Motion Captured Cinematography “Virtual Camera”
After spending some time with the virtual camera system used on Avatar, seeing what worked and what could be improved, I got together with the amazing Motion Capture team at Electronic Arts to build a system which just might be the most sophisticated virtual camera system available. It was first used on the videogame Madden NFL 12, and then extensively for all the cinematics on Need for Speed The Run for which I was the Director of Photography.
What’s a Virtual Camera system? Virtual cameras are like motion capture for camera performance. Where motion capture technology allows for incredibly realistic human motion to be put into the computer for CGI and video games, virtual camera technology allows for CGI scenes to be shot with ‘real’ cameras.
Here’s how it works. A giant room is filled with dozens – sometimes hundreds – of HD videocameras arranged around a capture space approximately the size of a tennis court. The cameras are calibrated in space and equidistantly arranged. Inside the capture space, a ‘virtual camera’ – simply a small structure containing reflective markers and is about the size of a real video camera. The motion capture cameras see these markers and can determine the height, orientation and can track the ‘virtual camera’ movement with incredible precision. The virtual camera has a monitor on it and is often placed on a steadicam system so it can be moved around the capture space just like a real camera. The dataflow goes like this: Motion capture cameras determine the position of the virtual camera, the virtual camera’s view is rendered out – showing whatever is in the CGI world – then this image is broadcast wirelessly to the monitor on the virtual camera 30 times each second. This allows a real person to shoot a CGI scene with a ‘real’ camera. Amazing.
Why would you go to all the effort? The reason why is that we have spent over 100 years making cinema and most of our lives watching it we all have an inherit subconscious understanding of how a camera moves. Cameras have mass, they move based on the laws of physics, they don’t suddenly stop or start. Steadicams have a feel to them, as do handheld cameras. Interestingly, we know this texture to the movement even if you’re not a cinematographer. In the computer, when hand animating cameras, great animators can sometimes get really close – just like animators animating a human character, but there’s some complex mojo going on when you haul a 50 pound steadicam rig around and I wanted to capture that nuancy.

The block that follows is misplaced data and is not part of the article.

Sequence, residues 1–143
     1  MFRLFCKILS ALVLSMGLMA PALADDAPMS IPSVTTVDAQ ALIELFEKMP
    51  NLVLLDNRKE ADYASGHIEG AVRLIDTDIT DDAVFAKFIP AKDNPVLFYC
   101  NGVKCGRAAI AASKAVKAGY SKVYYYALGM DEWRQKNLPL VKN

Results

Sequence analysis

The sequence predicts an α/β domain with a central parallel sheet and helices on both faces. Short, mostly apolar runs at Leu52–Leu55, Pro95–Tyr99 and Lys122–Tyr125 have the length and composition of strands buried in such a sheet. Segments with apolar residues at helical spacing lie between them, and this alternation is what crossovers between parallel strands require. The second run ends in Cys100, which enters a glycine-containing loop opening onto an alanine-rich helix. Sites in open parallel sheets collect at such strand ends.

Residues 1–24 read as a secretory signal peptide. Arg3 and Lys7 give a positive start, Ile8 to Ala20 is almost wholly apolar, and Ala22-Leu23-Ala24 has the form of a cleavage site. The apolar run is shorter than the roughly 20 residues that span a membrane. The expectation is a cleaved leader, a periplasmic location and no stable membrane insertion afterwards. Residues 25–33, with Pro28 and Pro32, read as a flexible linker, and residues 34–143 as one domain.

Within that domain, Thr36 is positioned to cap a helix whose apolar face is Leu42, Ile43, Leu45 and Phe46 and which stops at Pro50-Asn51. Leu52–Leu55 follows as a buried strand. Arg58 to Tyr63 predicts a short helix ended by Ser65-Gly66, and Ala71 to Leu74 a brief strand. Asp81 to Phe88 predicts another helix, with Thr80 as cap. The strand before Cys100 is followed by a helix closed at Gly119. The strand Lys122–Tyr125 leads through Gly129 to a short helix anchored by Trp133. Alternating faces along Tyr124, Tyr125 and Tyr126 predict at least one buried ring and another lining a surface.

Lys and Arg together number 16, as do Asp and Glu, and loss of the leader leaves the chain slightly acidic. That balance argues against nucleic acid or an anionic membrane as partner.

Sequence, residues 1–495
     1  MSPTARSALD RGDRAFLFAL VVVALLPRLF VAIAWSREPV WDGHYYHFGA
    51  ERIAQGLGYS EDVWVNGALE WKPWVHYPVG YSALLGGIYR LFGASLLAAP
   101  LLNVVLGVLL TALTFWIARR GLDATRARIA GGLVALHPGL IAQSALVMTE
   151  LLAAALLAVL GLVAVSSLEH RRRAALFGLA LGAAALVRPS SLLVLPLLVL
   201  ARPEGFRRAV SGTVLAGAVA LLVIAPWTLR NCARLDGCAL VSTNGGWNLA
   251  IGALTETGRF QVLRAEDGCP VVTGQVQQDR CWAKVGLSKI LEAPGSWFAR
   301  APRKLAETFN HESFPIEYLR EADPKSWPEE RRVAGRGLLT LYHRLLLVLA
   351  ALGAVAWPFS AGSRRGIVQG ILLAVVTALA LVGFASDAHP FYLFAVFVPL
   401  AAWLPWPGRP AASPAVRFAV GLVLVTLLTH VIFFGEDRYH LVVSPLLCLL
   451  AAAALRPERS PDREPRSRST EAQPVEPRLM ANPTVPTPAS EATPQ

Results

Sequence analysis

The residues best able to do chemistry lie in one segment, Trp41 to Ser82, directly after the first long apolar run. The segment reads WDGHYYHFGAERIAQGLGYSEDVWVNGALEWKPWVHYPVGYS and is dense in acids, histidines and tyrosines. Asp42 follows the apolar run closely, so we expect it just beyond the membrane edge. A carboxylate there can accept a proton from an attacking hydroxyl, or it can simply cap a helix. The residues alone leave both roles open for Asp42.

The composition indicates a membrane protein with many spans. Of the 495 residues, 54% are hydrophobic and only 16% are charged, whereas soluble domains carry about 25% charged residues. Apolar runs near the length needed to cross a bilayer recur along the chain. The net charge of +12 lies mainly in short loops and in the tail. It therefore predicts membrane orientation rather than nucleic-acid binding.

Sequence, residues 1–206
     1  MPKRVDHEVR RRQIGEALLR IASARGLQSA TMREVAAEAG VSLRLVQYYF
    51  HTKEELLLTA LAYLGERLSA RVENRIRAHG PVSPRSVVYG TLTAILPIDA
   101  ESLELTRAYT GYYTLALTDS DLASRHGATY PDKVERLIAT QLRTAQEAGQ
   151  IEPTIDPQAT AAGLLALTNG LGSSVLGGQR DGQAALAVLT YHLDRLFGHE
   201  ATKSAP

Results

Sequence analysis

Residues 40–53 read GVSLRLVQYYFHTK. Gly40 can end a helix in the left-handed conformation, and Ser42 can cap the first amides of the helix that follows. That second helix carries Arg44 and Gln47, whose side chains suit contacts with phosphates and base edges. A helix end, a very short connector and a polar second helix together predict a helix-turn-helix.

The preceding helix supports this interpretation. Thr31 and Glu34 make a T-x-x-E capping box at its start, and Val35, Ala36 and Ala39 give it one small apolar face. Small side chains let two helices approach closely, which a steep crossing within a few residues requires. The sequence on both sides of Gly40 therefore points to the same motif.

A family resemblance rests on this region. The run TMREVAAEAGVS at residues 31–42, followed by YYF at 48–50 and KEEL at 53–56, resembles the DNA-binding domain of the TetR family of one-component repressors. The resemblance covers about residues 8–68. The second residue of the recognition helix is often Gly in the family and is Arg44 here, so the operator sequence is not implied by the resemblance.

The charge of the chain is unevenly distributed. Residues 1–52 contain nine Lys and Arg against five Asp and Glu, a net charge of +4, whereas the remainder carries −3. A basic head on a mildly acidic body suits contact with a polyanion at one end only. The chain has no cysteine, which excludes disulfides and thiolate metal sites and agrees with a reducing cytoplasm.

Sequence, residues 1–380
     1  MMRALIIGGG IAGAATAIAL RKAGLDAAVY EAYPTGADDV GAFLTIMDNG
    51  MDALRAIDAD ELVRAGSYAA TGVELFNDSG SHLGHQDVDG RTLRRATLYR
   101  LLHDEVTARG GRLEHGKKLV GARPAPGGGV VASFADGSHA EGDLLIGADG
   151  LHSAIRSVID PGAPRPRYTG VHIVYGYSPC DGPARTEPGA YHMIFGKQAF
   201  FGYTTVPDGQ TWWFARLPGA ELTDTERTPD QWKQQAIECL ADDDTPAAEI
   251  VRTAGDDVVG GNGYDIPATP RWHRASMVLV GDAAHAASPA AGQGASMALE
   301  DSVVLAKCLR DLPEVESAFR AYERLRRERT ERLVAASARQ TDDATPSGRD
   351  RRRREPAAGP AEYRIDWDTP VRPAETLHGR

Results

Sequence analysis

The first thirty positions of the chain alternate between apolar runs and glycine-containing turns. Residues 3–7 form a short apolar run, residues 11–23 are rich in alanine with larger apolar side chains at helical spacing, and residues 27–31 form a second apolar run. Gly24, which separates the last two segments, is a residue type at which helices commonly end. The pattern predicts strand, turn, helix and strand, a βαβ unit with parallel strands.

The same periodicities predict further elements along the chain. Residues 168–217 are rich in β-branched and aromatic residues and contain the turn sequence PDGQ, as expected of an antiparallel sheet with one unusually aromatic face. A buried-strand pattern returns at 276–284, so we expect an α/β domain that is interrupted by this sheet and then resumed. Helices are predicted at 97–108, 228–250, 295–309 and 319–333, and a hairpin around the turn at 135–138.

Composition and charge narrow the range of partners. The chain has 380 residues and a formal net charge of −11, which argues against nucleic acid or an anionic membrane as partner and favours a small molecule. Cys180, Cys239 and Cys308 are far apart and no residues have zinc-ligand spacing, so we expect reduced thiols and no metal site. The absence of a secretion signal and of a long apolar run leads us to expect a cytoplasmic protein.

Here’s a clip from NFS ‘The Run’ showing the results. I operated the steadicam in real life, shooting this CGI scene. Note that because the objects are just ‘virtually’ in the camera space, it’s possible to have the camera move through difficult situations with ease. See how the camera glides over the table after they get up to walk into the back room.
Here’s another scene where we come in the front door of a restaurant and land at a 50/50 by the table. Look how the virtual camera sees the 3D set ‘in’ the real world. There’s a screen on the camera and a big screen on the wall behind which is also showing what the camera is shooting. Because we’re capturing the virtual camera on a steadicam, the motion is completely realistic, yet we’re shooting a virtual world.
Here’s a near-final version where we drop out of the clouds and blend into a steadicam shot.
Together with some very talented programmers, I designed a virtual / procedural camera system called Cinebot. It was in development for about 5 years and it’s been added to the amazing game engine, Frostbite. The goal was simple, but the execution was deliciously challenging: Make video games feel more like a movie. Make video games feel cinematic.
What’s a virtual camera system? A virtual camera system is like a robot director of photography. In film, everything is directed and crafted. Stand over there, walk in that direction, we will put the camera here and use this lens and transport mechanism and compose it like this. Boom. Respectfully, it’s relatively easy because you have control over everything. Also, if something goes wrong, you usually get to try it again. With video games, the situation is very different. You want to make the game look as cinematic as possible but there’s this additional extra dimension: The user has control! They can run and jump and drive and effectively do an infinite amount of things. How the heck do you shoot that? Especially when you’re not there to do it, you need to program something to shoot it real-time while they’re playing!
What I did, was design a cinematography robot which lives inside the video game and can be instructed to do certain things, but it also figures out a lot of things for itself. Cine-bot.